Orange_tree_economics

The Traveler’s Version of Avoiding Low Hanging Fruit

Written by Hank Martin in Travel Tips

I like to think I'm not dumb, but there have been occasions where this premise has been tested. I'll be traveling somewhere and end up eating at an Italian restaurant in a piazza where the food tastes like frozen, cardboard freezer food. Or I'll visit the Mona Lisa and find that it really wasn't worth my time to see, but discover that having dinner inside the Eiffel Tower was worth ten trips to see Mona. Experiences like these I like to call the hanging fruit of travel.

The Theory of Low Hanging Fruit

Imagine for a second a cherry tree covered in ripe, fresh cherries. If you wanted to pice and try one of these delicious fruits you would grab whatever is within arms reach. Travel is the same way.

The restaurants, hotels and attractions in areas easily accessible by people who don't know the city are the low hanging fruit of the travel world. But, the good news is that just like reaching the cherries on the top of the tree by using a ladder, so too can a little extra effort reap you greater experiences when traveling.

Learning to Grab the High Hanging Fruit

One thing I've learned while traveling is if you spend your time visiting and staying in a part of town that is easily accessible (ie. right off the metro stop, via the bus line, a block west of the main train station, right on the beach, near a major tourist or historical attraction, etc) you aren't getting the full experience. Instead you are either getting a watered down, Americanized experience (there are few places the U.S. hasn't influenced) or a scammy experience that relies on making money by sheer volume of foot traffic in the area and not quality.

I'm always disappointed to leave an establishment of some sort, either restaurant, shop, cafe of whatever, and feel like the business owner is taking advantage of the situation. In one place I used to live incompetent people ran successful businesses only because there was no competition. They had no aptitude for business, no passion to put forth a great product...they only wanted to make easy money or got lucky by getting in on the ground floor. This is a problem I've encountered all over the world.

The worst part of it is knowing that I had committed both my time and money to the experience and found it lacking. I like finding validation of these things, verification that the trip was worth the time and money I committed to it. But, sometimes I just leave a place feeling like a cheap whore.

Maximizing your travel is possible by putting in just a bit more effort. After all how much more time and effort does it take to go to the garage and grab a ladder so you can reach the higher fruit on the tree and achieve a higher yield? Plus, you also get to vote with your money. Instead of giving it to some businessman without integrity or desire to do the right thing you can vote for the higher quaility, more passionate business with your dollars.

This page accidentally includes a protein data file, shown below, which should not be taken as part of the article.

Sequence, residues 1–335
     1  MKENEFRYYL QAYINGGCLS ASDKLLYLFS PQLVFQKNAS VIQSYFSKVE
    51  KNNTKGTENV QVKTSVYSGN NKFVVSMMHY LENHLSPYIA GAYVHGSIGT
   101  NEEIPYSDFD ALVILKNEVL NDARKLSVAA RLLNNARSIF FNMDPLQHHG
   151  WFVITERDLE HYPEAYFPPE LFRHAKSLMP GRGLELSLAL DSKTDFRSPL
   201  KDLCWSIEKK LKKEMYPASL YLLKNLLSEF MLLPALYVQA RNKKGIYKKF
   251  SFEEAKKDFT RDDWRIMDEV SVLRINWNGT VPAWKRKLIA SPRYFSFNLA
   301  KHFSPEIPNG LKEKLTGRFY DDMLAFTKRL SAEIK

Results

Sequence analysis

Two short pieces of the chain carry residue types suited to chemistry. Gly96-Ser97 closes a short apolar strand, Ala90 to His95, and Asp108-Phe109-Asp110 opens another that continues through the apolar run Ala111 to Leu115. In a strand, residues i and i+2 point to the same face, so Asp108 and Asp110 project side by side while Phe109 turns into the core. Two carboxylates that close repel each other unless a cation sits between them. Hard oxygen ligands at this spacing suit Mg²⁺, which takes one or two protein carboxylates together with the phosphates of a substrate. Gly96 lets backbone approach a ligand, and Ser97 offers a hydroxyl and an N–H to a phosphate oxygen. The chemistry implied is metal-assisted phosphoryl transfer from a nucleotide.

What is High Hanging Fruit

High Hanging Fruit is anything that gives you a greater per effort reward. Even though you may have to work harder you also achieve a better experience. Here are some examples and tips:

  • Visit residential areas of towns because that's where the best restaurants, cafes and most interesting people are.
  • If you exit the main train station and someone propositions you to stay at his/her hotel or hostel say no. The best accommodations don't need to pay some guy euros on the side to stand at the train station and seek out young backpackers.
  • Stay away from pub crawls, dollar nights at european bars and McDonalds (unless you are homesick)
  • Most major attractions are worth doing at least once.
  • If you are debating visiting a museum and you know nothing (or have zero interest) in the content within then don't do it. Museums are established by groups or societies as a way to preserve a specific lifestyle, historical time period, or movement. If you're not interested, you're not interested.
  • Price is not a determinant of quality. I've eaten $50 lobster tails with the consistency of rubber bands and $7 schnitzel that rocked my world.
  • The above goes for accommodations too. Remember, the closer to el centro the higher the price (and not necessarily the better the quaility)
  • Use caution when selecting accommodations near main train stations or transit centers, many are often lower quality and higher in price because of location.
  • If you can choose between trying a Tuscan wine at a restaurant in Rome and trying a Tuscan wine at a restaurant in the Tuscany region...do the latter.
  • Make a point to walk a few extra blocks outside of the city center to eat or stay at a hotel.
  • Remember competition. Competition typically forces businesses to up the ante and provide a better product. Is this the only sushi restaurant in Johannesburg? Is this the only skydiving company in Interlaken? Be leery of quality when companies have a free reign on the market, as there is no incentive to work at increasing value and experience. Coincidentally, this are also the kind of monopolies, monopolies by luck, that give other businesses a bad rep.
Food for Thought:
How do you choose more selectively so your travel experience is better?
About the Author

Hank Martin

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Traveling for a world education and writing about the life lessons learned.

 

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